My blog has been moved to ariya.ofilabs.com.

Tuesday, February 22, 2011

vim: fast file navigation with Command-T

Judging from the hits, my blog post on lightning-fast project navigation in vim seems to be still popular. While the Project script is still my favorite these days, especially when dealing with hundreds of files, let me show you here another gem: Command-T script.

Similar to Command-T in TextMate, basically this Command-T script allows quick and incremental search for files. This works very well. The official site for Command-T has several good screencasts which demonstrate how to install and set it up.

Manual installation is fairly simple. In fact, if you use Janus (which what I strongly do recommend these days for vim lovers), you are already set.

Command-T's documentation is quite extensive, make sure you read it. For the impatient, here are three important tidbits.

(1) Command-T requires vim with Ruby support. One way to find this is:

vim --version | grep '\+ruby'

(2) The default binding is Leader-t. For MacVim (or other GUI-based vim on Mac) and you'd like to have it on your Command-t (or D-T, in vim's terminology), just insert the following in your .vimrc:

  if has("gui_macvim")
    macmenu &File.New\ Tab key=
    map  :CommandT
  endif

(3) If you like to open the selected file in a new tab, hit Ctrl+T instead of just Enter.

One side note: if you have MacVim but don't have the mvim shortcut, add this to your .profile (or .bash_profile):

alias mvim='/Applications/MacVim.app/Contents/MacOS/Vim -g'

This way, you can launch MacVim from terminal, e.g. mvim code.js.

And in case you still want to use TextMate, why don't you check out TextMate2 instead?

Monday, February 21, 2011

color wheel on Canvas

While I played with HSV pie and color wheel before, usually I just use the excellent Qt graphics stack to try out various things. This days, I lean towards using web technologies and for that purpose, HTML Canvas suits me just fine. With PhantomJS, I even got the result rendered as PNG image.

The new example I added to PhantomJS is colorwheel.js which produces the above screenshot. The entire script code is as follows (if some parts look cryptic, read about HSL and HSV color space):

if (phantom.state.length === 0) {
    phantom.state = 1;
    phantom.viewportSize = { width: 400, height : 400 };
    phantom.content = '<html><body><canvas id="surface">' +
        '</canvas></body></html>';
} else {
    var el = document.getElementById('surface'),
        context = el.getContext('2d'),
        width = window.innerWidth,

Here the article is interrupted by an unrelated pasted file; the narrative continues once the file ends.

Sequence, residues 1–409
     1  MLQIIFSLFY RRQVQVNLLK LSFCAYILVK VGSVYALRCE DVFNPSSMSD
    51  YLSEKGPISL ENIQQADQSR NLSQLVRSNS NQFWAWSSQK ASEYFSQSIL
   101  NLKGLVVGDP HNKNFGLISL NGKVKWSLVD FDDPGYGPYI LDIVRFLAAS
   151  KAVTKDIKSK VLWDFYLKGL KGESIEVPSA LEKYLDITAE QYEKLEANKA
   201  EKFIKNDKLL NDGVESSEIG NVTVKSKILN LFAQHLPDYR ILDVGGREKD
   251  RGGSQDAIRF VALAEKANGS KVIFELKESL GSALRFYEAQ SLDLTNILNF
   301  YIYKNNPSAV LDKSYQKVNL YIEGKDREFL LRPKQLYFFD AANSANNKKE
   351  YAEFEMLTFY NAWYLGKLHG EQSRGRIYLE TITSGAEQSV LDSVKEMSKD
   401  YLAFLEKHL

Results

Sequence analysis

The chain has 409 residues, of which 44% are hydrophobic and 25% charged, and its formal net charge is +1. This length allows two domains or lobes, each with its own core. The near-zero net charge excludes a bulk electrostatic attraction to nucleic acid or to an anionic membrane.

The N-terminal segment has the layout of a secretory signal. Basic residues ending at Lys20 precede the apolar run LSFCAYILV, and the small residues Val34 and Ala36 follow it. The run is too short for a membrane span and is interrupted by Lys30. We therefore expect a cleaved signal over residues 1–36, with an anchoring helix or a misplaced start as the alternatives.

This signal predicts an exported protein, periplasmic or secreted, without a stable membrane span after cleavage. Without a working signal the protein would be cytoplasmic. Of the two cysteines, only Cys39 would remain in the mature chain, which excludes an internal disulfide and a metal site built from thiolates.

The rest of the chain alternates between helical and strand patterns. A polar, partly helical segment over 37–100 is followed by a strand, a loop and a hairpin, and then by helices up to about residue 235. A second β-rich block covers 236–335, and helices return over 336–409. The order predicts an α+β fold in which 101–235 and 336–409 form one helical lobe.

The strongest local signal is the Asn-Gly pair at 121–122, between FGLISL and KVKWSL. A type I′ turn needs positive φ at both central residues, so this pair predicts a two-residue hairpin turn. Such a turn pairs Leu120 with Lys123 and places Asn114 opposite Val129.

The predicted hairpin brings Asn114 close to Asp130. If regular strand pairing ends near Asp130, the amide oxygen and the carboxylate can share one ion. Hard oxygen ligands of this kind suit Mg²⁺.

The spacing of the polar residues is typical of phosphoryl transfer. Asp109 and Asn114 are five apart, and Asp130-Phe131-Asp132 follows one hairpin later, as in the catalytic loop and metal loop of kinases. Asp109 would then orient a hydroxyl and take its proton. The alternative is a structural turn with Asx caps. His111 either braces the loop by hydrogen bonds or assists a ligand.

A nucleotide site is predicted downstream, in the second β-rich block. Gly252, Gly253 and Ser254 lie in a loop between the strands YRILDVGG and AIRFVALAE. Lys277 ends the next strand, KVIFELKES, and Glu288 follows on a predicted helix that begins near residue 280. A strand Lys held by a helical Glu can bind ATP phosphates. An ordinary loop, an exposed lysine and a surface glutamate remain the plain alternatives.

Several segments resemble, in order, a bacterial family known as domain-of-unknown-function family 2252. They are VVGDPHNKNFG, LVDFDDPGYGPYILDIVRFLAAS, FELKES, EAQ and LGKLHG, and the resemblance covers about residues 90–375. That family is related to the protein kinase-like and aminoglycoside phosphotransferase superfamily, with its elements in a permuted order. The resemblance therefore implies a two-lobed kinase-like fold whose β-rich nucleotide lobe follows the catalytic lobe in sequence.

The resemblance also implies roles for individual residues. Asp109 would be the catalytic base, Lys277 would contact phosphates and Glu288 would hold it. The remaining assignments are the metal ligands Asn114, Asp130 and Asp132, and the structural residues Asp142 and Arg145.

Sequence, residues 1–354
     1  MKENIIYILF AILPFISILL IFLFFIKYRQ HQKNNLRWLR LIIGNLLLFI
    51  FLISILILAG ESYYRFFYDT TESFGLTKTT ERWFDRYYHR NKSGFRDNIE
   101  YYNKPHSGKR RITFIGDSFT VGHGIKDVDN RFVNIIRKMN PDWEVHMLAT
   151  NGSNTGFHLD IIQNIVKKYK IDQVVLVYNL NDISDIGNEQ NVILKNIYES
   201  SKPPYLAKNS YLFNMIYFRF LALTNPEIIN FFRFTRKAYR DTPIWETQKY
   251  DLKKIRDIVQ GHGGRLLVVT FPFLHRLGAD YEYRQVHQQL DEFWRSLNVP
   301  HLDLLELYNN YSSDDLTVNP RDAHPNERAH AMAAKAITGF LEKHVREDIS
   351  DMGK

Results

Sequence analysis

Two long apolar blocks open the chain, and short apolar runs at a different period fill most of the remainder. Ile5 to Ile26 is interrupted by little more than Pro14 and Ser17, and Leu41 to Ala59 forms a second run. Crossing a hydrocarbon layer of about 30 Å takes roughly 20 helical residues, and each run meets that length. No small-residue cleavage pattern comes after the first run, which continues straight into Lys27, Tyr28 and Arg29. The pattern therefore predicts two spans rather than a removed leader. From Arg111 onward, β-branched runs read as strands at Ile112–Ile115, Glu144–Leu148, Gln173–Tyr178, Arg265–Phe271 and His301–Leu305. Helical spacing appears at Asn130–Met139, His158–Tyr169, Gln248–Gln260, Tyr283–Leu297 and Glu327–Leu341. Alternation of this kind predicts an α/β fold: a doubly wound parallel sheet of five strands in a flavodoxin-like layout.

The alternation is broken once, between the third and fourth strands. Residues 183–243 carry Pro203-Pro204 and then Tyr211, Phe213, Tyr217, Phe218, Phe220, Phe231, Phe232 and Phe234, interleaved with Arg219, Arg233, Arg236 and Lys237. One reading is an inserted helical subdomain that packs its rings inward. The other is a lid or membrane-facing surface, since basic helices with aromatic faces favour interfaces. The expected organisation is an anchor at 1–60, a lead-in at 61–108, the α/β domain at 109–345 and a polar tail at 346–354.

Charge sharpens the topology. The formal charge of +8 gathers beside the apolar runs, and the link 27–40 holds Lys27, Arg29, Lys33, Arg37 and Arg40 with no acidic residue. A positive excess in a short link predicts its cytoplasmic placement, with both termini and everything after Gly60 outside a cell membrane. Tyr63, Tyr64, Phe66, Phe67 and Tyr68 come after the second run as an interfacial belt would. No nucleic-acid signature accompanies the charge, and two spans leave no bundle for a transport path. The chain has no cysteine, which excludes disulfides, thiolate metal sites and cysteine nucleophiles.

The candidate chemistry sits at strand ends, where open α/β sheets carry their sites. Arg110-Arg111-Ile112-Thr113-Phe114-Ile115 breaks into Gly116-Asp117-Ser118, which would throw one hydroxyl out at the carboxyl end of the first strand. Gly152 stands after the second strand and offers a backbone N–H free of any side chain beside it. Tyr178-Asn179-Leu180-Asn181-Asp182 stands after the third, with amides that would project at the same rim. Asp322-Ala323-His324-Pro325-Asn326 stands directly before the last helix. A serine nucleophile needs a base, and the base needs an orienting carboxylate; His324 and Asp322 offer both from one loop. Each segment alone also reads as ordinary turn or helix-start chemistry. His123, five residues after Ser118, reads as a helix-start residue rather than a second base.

height = window.innerHeight,
        cx = width / 2,
        cy = height / 2,
        radius = width  / 2.3,
        imageData,
        pixels,
        hue, sat, value,
        i = 0, x, y, rx, ry, d,
        f, g, p, u, v, w, rgb;

    el.width = width;
    el.height = height;
    imageData = context.createImageData(width, height);
    pixels = imageData.data;

    for (y = 0; y < height; y = y + 1) {
        for (x = 0; x < width; x = x + 1, i = i + 4) {
            rx = x - cx;
            ry = y - cy;
            d = rx * rx + ry * ry;
            if (d < radius * radius) {
                hue = 6 * (Math.atan2(ry, rx) + Math.PI) / (2 * Math.PI);
                sat = Math.sqrt(d) / radius;
                g = Math.floor(hue);
                f = hue - g;
                u = 255 * (1 - sat);
                v = 255 * (1 - sat * f);
                w = 255 * (1 - sat * (1 - f));
                pixels[i] = [255, v, u, u, w, 255, 255][g];
                pixels[i + 1] = [w, 255, 255, v, u, u, w][g];
                pixels[i + 2] = [u, u, w, 255, 255, v, u][g];
                pixels[i + 3] = 255;
            }
        }
    }

    context.putImageData(imageData, 0, 0);
    document.body.style.backgroundColor = 'white';
    document.body.style.margin = '0px';

    phantom.render('colorwheel.png');
    phantom.exit();
}

Beside the above example, there are few other things which you'll get in the upcoming PhantomJS 1.1 release, among others support for Unix shebang, file upload for form submission, disable/enable images loading and plugins, as well as support for QUnit integration.

Friday, February 04, 2011

virtual globe in the browser

Latest stable version of Chrome 9 now has built-in support for WebGL. Hopefully this would increase the amount of people trying out various cool 3-D stuff, from the infamous Aquarium demo to the fancy Jelly Fish animation, and many others.

What excites me is the following: WebGL Earth, a free and open-source implementation of a virtual globe using WebGL. The live demo supports showing the map tiles from OpenStreetMap, MapQuest, and Bing. Just awesome!